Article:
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It’s no secret when it comes to defense on the Gridiron that you need a quality pass-rush in order for everything else to manifest to its highest potential. Dallas Cowboys‘ defensive line in 2013 had only 3 (George Selvie, DeMarcus Ware, Jason Hatcher) of their 6 D-lineman record more than 2 sacks.
Injuries also played a role in their lack of having a quality overall pursue to the quarterback upfront. Starters, backups and players off the street were called upon to fill in the blanks. 21 different D-lineman had their hands in the ground last season in a new defensive scheme under Monte Kiffin running the defense and Rod Marinelli coaching the defensive line. And when your defense was historically putrid, something needs to change, attitude, technique-wise and the emphasis on what’s being preached to the ears and minds of the personnel from its teacher.
Dallas’ defensive-unit features new faces, some (Ware, Hatcher) have left the building due to cap-restraints, and a major injury at middle linebacker (Sean Lee) leaves Dallas’ defense scrambling for a quality and trust worthy player to fill the empty “Big Shoe” for a defense that now has last years D-line assistant running the show.
Cowboys defensive coordinator Rod Marinelli is one of the more intriguing stories in the coaches-circle across the NFL training camps this summer, the third defensive coordinator for the Cowboys in as many years that’s trying to put a stamp on turning around last years nightmare as the team gets ready for preseason ball, gearing up for the 2014 season.
Marinelli’s track record in his coaching career dates back to the early 70’s at Rosemead High School before becoming the defensive line coach at Utah State in 76. In 31 of his 41 years of coaching, Marinelli has coached up defensive lines in the college and pro ranks. Most notably, his success as a defensive line assistant in Tampa Bay is where he helped the Buccaneers win a championship in 02. That was achieved by running the Cover 2 defense, and most recently as defensive coordinator with the Chicago Bears running the Cover 2 scheme from 2010-to-2012, his defense often led the league in takeaways, sacks and yards allowed, displaying a model for success.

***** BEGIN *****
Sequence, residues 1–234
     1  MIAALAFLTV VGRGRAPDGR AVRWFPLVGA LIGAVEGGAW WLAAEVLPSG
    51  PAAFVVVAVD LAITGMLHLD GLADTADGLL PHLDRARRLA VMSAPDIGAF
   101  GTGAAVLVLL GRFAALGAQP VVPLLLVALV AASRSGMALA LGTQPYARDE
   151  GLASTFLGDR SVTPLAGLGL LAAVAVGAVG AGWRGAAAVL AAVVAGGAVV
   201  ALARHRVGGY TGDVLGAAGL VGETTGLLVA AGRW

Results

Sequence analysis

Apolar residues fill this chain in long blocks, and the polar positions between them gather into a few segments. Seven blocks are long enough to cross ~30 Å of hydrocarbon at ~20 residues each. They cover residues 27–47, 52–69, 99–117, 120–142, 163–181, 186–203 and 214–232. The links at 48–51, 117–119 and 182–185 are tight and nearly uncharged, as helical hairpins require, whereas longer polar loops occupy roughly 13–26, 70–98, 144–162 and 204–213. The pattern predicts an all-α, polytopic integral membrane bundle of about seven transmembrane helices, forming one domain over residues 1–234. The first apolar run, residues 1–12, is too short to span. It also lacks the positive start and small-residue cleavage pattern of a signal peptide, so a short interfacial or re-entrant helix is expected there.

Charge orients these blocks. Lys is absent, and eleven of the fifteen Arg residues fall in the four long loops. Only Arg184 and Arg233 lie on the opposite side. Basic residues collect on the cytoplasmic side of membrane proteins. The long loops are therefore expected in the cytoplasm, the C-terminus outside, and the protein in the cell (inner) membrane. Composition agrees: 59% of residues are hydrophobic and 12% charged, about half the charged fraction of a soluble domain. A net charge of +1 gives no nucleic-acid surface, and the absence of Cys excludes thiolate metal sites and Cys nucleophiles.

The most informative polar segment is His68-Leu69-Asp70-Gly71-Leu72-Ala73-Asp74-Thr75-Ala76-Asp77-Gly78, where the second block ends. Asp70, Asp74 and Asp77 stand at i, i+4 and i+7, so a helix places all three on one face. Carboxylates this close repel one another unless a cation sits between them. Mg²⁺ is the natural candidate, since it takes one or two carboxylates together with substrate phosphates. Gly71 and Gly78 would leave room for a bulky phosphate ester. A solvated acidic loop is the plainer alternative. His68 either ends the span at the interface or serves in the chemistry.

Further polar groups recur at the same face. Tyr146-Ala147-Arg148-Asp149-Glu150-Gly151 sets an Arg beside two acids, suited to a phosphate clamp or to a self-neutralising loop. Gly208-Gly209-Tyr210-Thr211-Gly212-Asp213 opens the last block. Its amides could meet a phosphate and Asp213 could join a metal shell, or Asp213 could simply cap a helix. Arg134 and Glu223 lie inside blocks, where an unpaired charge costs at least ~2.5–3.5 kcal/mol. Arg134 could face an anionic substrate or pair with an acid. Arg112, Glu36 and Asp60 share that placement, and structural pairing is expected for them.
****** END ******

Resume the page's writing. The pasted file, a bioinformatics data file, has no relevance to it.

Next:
So what’s the plan?
Well, the defense learned the hard way last season that having depth on the defensive line is the cornerstone in building from the inside out to have success on the defensive side of the ball. Although Ware and Hatcher have departed, two key pieces upfront, there’s a sense of direction that may better the defense in the near future.
There’s an actual plan in place here that can work, and Assistant Director of Player Personnel Will McClay, who had lots of input this offseason in the draft and free agency in building a potential effective group has used the term “rotation” to describe the scheme and approach the Cowboys want to use on their defensive line. And there’s a philosophy behind that rotation and scheme that coach Marinelli and McClay have expressed, and that’s emphasizing the need for speed, intensity, generating turnovers and the proper habits to install an aggressive attitude that’s helped top ranked defenses get the best of top ranked offenses at the end of the day to win Super Bowls.
Last year, in route to their Super Bowl title, the Seattle Seahawks employed a 7 man rotation that featured Michael Bennett, Chris Clemons, Cliff Avril, Clinton McDonald, Brandon Mebane, Tony McDaniel, Red Bryant, and O’Brien Schofield, a group that registered 33.5 sacks out of the 44 overall team sacks as a swarming group of ball hawks, heavy hitters, and solid tacklers that provided a consistent rush towards the oppositions quarterback that’s made them a fearsome defense.
And even though Seattle’s defense features 3 valuable top-notched assets (Richard Sherman, Earl Thomas, Kam Chancellor) in their secondary, what makes it work so effectively is the pressure they’re getting upfront that gives the Seahawks’ CB’s the luxury of applying their techniques by pressing at the line of scrimmage and forcing route-runners into what I call their “Booby Trap Zone.” Seattle’s scheme provides a mixture of man-press, zone and pressure-packages upfront with some disguised looks to keep opposing offenses timid at their expense.